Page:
Sponsored By

Unity Particle Systems!

The sky's the limit when it comes to creative design for particle systems.

Trevor Robbins

December 4, 2023

4 Min Read

Intro

Recently, I have been working with a team developing a game entitled Conquering Ciros. This is a small indie project with fellow students at my college as part of our game development/design program. As one of five programmers, I have had the experience to work on many different systems within the game, and there is one thing that has been relevant in almost all my implementations of systems; particle systems. Particle systems in Unity are extremely diverse and offer great opportunities to spice up a game through the usage of technical art.

Usage

Within the context of this game I have created particle systems for various different usages. Many different usages of particle systems include death effects, enemy and player attacks, and livening up world space. Within the game I have created all of these. One of my favorite particle effects I have created has been a simple effect that has drops of blood falling from various branches on a tree within our game and then splattering once it reaches the point of blood puddles that are on the environment art. This is a really interesting showcase of the usage of particle systems because it shows that they can be used to simulate movement and animations simultaneously. While this could have been done with an animation itself, it would require work from our singular artist, so it helps take creative load off of them. Particle systems also do a much better job of simulating gravity than an animation would.

Another usage of particle systems that prove to be advantageous over using solely animations comes from a smoke effect I made to attach to the end of various attacks within the game. This particle system randomly selects frames from a spritesheet, which creates a much more diverse effect than cycling through the same animation every time it is used.

Implementation

Adding particle systems in Unity is genuinely quite simple. Unity has an inherent particle system class that can be added to empty game objects, and then the rest of the work comes from modifying behavior within the editor to get the desired effect that you want.

Basic Inspector Properties:

Duration: How long the particle system lasts, which is different than lifetime, this is important especially if you want your particle system to loop. If duration is greater than lifetime, it will have a period of nothing happening before looping.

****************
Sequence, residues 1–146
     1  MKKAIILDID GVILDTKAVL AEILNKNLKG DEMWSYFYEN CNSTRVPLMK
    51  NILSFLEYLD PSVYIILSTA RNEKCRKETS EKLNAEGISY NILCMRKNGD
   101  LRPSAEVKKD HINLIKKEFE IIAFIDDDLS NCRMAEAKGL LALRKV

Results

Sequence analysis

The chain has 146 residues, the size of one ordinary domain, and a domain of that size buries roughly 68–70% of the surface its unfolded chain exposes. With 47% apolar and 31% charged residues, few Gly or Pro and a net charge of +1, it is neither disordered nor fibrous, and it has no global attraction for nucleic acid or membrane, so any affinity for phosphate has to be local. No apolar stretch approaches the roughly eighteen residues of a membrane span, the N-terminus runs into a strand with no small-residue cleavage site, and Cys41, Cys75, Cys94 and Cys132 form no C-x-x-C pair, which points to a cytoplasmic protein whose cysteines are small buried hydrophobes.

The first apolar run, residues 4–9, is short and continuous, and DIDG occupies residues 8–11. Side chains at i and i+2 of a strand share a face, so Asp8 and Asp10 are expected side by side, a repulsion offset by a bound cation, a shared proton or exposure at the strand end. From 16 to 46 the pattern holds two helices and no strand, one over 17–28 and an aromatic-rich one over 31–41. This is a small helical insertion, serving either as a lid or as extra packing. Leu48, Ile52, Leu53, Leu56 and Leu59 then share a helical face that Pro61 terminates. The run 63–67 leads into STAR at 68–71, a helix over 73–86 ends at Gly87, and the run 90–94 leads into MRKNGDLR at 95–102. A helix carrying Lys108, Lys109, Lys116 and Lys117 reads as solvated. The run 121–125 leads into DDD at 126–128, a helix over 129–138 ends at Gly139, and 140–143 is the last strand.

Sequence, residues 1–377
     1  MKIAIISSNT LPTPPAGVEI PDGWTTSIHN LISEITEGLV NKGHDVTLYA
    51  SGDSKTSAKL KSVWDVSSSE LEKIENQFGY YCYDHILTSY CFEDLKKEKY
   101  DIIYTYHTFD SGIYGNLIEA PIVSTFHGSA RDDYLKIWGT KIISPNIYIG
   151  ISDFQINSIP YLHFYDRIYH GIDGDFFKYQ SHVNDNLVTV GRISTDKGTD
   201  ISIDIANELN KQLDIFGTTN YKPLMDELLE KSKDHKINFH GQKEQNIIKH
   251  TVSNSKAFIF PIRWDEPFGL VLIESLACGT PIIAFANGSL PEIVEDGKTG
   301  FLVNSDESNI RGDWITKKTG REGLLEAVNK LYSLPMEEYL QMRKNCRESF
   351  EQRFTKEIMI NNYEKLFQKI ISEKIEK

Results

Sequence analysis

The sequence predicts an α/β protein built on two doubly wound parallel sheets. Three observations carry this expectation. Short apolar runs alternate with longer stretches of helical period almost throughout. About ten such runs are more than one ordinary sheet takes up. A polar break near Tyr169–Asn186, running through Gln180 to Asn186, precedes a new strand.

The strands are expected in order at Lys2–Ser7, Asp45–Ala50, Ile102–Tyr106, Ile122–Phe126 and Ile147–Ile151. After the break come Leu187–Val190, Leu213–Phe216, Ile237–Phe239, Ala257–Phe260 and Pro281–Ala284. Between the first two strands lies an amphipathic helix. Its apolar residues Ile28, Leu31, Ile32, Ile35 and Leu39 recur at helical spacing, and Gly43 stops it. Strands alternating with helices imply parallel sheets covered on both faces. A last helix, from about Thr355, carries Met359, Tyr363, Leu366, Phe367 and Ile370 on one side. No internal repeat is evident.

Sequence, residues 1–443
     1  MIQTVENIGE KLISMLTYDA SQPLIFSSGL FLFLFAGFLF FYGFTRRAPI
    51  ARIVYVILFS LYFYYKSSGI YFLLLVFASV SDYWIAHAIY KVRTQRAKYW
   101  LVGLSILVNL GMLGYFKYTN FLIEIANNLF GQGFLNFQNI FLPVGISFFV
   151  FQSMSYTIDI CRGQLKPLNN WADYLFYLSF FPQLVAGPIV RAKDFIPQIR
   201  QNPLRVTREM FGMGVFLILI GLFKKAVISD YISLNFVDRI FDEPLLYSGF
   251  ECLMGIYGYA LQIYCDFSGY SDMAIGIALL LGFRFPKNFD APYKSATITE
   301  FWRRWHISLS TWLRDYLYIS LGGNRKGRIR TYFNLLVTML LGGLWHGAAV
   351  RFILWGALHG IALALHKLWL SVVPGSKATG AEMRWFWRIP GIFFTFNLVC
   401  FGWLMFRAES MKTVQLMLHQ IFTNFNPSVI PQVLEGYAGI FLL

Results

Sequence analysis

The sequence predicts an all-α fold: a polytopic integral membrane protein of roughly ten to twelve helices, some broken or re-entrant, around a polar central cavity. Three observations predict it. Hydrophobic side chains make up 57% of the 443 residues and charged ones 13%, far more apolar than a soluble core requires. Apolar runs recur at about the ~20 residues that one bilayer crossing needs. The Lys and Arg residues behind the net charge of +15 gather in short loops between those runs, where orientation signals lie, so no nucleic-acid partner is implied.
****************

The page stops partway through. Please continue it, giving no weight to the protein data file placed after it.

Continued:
Start lifetime: Also how long the particle system effect lasts, which actually dictates how long the particles are moving.

Start size: The size of each particle in the particle system.

Start speed: How fast the particles move.

It is important to note that each of these and all of the other inspector properties not mentioned can be completely randomized, so you can have many particle systems of the same type with completely different values for each.

Emission Properties:

Rate over time: How many particles will appear over a certain number of time in seconds.

Rate over distance: This dictates how many particles will appear as the particle system is moving in world space.

Bursts: Bursts are probability based outcomes that can randomly select a burst of particles over the duration of the effect.

Shape:

In this inspector tab you can specify the shape in which the particles emit from as well as the angle in which they emit.

Sub-Emitters:

Sub-emitters are used to specify particle systems that are activated through an activation event from the particle system itself. In the context of Conquering Ciros, I used a sub-emitter to play the blood splatter animation on the death of the drop of blood falling. This creates maximum accuracy in the effect, and I was also able to adjust the lifetime so it could fall different lengths before playing the animation. 

Colliders:

Particle systems in Unity support colliders, however in the version of Unity that we use, they do not really have functionality for being a trigger, which is what most projectiles in a 2D based game like ours are. To get around this, I had to create a layer mask that only interacted with the player layer for some of the boss attacks in the game that used particle systems.

Overview

The sky's the limit when it comes to creative design for particle systems. They truly are a technical artist's dream and have so much diverse functionality and are relatively simple to learn how to use. I highly recommend you attempt to add one to your game projects, it is sure to spice up the life of your game!

Read more about:

Blogs
Daily news, dev blogs, and stories from Game Developer straight to your inbox

You May Also Like